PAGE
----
Unlocking IP for business
In a first for Australia, the University of New South Wales will offer the majority of its intellectual property to companies for free, in a radical step to turn more university research into real-world applications.
The pioneer of Easy Access, Dr Kevin Cullen, will implement this strategy at UNSW as the new head of NewSouth Innovations, the university’s commercialisation company. Dr Cullen initiated the approach while the Director of Research and Enterprise at the University of Glasgow.
UNSW will join a handful of universities worldwide including the University of Glasgow, Kings College London and the University of Copenhagen that are using the Easy Access approach to spark greater collaboration between universities and industry.
Under the new approach of Easy Access IP, a selection of UNSW’s intellectual property will now be offered to the private sector to develop for free, with simplified, one-page agreements replacing complicated licensing negotiations.
UNSW Deputy Vice-Chancellor (Research) Professor Les Field said the new approach would put more university generated research into real world use.
"The focus of Easy Access IP is to put more university IP into the hands of the private sector and to allow industry to build on our research and take it to market," Professor Field said.
"This is quite a radical departure from the way that UNSW and most universities have been doing business."
NSi Chief Executive Dr Kevin Cullen said at present the licensing of university IP to companies was viewed as: "difficult, painful and cumbersome".
"We want to change this. We want to remove the barriers and the obstacles so that companies will choose UNSW as a partner to work with, and so we can build positive partnerships between researchers and industry based on the Easy Access IP approach," he said.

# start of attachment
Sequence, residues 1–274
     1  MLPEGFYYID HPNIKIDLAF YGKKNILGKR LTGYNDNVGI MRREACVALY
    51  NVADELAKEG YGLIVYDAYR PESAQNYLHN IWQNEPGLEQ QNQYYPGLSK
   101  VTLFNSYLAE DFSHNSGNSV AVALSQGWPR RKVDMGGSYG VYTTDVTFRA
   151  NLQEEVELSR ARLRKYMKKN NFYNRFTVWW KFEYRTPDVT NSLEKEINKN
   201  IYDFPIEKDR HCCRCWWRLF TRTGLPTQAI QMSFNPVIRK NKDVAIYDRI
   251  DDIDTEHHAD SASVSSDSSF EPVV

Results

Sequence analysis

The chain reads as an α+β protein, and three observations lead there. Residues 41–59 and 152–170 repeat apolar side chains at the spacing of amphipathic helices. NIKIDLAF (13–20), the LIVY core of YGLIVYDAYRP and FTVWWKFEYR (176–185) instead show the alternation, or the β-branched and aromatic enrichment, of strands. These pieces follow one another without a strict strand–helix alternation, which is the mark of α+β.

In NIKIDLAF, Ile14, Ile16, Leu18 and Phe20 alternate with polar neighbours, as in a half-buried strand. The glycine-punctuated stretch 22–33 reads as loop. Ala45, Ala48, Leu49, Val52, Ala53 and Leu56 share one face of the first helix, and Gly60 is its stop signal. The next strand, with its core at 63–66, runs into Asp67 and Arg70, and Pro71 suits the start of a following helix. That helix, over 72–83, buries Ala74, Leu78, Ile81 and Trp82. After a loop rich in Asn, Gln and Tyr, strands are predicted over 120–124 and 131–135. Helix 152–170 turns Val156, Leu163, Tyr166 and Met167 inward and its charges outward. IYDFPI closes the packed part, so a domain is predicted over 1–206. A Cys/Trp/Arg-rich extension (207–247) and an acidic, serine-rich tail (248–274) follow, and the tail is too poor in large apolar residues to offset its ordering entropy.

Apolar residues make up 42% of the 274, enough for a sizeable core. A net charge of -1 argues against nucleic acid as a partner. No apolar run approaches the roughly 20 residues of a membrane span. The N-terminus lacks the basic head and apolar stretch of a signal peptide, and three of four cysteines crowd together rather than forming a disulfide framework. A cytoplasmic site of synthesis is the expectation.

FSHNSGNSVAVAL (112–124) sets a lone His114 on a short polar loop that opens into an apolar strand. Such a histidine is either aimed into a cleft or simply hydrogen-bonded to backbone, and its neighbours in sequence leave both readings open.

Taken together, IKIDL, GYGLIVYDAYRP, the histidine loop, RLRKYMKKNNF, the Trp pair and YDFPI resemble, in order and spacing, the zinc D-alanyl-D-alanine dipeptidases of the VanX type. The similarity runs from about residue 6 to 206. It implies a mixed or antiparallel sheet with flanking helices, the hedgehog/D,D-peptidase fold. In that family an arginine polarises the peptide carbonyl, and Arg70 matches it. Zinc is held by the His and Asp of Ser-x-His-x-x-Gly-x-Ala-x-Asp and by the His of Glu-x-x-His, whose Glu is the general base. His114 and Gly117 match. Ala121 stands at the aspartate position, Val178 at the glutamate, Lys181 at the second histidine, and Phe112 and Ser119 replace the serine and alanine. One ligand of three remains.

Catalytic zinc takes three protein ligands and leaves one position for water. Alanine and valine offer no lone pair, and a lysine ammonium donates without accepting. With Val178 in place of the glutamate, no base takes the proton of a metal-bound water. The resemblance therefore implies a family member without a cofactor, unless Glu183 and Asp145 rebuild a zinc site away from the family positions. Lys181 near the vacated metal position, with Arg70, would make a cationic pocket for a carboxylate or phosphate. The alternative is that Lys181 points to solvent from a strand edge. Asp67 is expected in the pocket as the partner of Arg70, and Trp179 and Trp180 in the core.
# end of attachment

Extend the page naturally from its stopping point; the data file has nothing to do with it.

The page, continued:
Dr Cullen said that for the small proportion of IP where UNSW can identify significant commercial value, such IP would be exploited with commercial partners. But for other developments, the Easy Access approach will be used.
"In these cases, the IP will be offered to entrepreneurs and industry for free," Dr Cullen said. "In order for the university to decide on the most appropriate licensee, those interested need to explain how they will use the IP to benefit the economy or society."
IP offered under the Easy Access portfolio will have an additional three conditions: companies must acknowledge UNSW’s contribution and report on the progress; companies agree that if they have not exploited the IP within three years, it will be transferred back to UNSW; and there will be no limitations on UNSW’s use of the IP for the university’s own research.
Academics will be able to choose to "opt-in" and have their IP included in the Easy Access approach. Businesses will then be able to view the Easy Access offerings via technology web portals, and have the ability to quickly get in touch with NewSouth Innovations to gain access to the technology.
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